Beyond this one experience, we've taken a number of these coach buses as well as local chicken buses and taxis where we've had to, without any difficulty. The most expensive ride was a $46 bus ride from San Salvador to San Pedro Sula, but we got off in La Entrada and caught a chicken bus to Copan. The cheapest journey, which also got us the furthest, was a local bus from Copan to San Pedro Sula (about $7) followed by a bus to La Ceiba about ($5.50), altogether a journey of about six hours. Silly how the 15-minute taxi to our hotel cost $20.

Now we are in Roatan, Honduras -- a beautiful Island on the Caribbean Sea. We took a ferry to get here and have a few more journeys to go before we end back in Guatemala City. Wish us luck!

Sunday, October 14, 2012

Hanging out with Mormons and visiting catholic churches

This title seems appropriate since Marie is Catholic and I am LDS. Our interfaith friendship, which began in high school, has seen us through many adventures including hiking the Juan de Fuca trail, biking the kettle valley and camping on the beach near Forks, WA. The latest installment of The Adventures of Jade and Marie finds us backpacking through central America navigating new countries with our limited Spanish and our limited budget.
We first arrived in Guatemala City last Sunday and were greeted by my first companion from Temple  Square and her mother. (My mission continues to bless my life by offering me friends and places to stay throughout the world.) It was so nice to have locals take care of us the first few days. Sister zepeda's mom showed us around Guatemala City the first day and another former sister missionary Amelia Lopez volunteered to take us to Antigua on Tuesday.
In Guatemala City we visited so many cathedrals I almost lost count, though I think there were six. Most were very ornate with several chapels and statues, candles and worshippers. We also visited the. National palace and national theatre and had tours of both.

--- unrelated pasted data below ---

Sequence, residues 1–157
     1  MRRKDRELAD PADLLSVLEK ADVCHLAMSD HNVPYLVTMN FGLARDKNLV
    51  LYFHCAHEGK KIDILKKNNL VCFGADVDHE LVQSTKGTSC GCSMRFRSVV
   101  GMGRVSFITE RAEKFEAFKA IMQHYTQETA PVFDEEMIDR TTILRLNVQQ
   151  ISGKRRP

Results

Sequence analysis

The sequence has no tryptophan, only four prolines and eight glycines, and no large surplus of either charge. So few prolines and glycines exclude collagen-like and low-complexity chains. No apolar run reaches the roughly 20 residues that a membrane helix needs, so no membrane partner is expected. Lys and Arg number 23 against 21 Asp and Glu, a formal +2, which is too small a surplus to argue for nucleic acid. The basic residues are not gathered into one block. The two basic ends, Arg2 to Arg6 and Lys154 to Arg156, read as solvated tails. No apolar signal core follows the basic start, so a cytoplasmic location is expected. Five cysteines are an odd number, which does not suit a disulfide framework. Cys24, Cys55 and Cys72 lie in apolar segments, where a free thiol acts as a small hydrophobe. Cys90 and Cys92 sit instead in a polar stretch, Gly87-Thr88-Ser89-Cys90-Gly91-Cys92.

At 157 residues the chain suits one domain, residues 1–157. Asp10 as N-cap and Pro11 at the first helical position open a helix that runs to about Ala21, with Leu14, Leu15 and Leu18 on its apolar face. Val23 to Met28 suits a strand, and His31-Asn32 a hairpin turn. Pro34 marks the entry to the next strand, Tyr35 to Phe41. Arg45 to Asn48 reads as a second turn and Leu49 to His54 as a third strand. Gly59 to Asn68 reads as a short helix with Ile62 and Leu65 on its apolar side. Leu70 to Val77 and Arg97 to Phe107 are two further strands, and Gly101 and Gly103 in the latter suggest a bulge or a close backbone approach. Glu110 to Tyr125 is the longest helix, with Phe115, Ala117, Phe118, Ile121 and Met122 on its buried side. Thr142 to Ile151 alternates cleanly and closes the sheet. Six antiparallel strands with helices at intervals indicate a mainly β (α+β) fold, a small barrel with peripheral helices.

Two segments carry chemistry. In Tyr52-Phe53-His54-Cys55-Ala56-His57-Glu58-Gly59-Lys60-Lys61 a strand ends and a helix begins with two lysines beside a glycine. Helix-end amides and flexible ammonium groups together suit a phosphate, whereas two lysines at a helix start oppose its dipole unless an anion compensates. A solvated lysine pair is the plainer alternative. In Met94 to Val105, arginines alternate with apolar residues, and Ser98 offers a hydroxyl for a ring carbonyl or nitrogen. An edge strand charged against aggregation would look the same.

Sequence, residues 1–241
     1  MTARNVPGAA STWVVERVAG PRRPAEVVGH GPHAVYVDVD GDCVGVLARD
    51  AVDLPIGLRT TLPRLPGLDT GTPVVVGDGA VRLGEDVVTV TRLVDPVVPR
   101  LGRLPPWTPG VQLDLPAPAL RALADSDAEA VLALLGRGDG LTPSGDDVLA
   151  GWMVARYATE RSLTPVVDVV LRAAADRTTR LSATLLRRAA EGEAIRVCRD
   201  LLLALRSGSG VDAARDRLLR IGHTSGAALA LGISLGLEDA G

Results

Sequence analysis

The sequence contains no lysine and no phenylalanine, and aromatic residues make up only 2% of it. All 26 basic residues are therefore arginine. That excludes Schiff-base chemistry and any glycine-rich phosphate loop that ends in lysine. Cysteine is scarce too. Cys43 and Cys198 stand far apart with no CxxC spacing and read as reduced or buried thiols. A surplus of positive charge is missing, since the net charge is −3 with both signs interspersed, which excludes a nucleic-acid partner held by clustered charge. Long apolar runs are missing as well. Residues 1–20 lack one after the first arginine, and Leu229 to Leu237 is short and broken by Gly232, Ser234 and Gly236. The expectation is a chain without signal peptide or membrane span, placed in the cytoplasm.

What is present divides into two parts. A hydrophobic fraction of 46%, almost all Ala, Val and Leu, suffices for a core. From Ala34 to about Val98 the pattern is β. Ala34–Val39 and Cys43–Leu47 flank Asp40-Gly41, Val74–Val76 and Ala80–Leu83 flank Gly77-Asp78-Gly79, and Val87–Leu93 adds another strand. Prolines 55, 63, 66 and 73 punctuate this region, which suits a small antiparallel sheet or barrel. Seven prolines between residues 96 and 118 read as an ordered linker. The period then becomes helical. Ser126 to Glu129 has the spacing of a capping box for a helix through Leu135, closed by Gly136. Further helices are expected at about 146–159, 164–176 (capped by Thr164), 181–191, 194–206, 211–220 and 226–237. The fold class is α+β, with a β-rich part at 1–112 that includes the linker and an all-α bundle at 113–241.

In Antigua - a beautiful colonial town with cobblestone streets and beautiful colorful buildings- we saw some more churches. In at least two cases, we visited the main restored chapel and then explored the ruins left from earthquakes years ago which gave us an idea of the enormity of the buildings pre-earthquake. That was fun - I always like a chance to explore ruins and touch really old things.
So far we have visited four cities: Guatemala City, Antigua, San Salvador and Copan, Honduras. Each has a central park or main square with a government building and, of course, a Catholic church. We visited a few churches in San Salvador and today in Copan we got to experience the old church as more than a museum when we attended mass. Though of a different faith, I appreciated the hymns and the love these people had for their Heavenly Father, so found common ground despite language barriers.
It's only been a week and there is so much more to share, but I'll try write more when I can and add photos when I have a computer instead of an iPhone.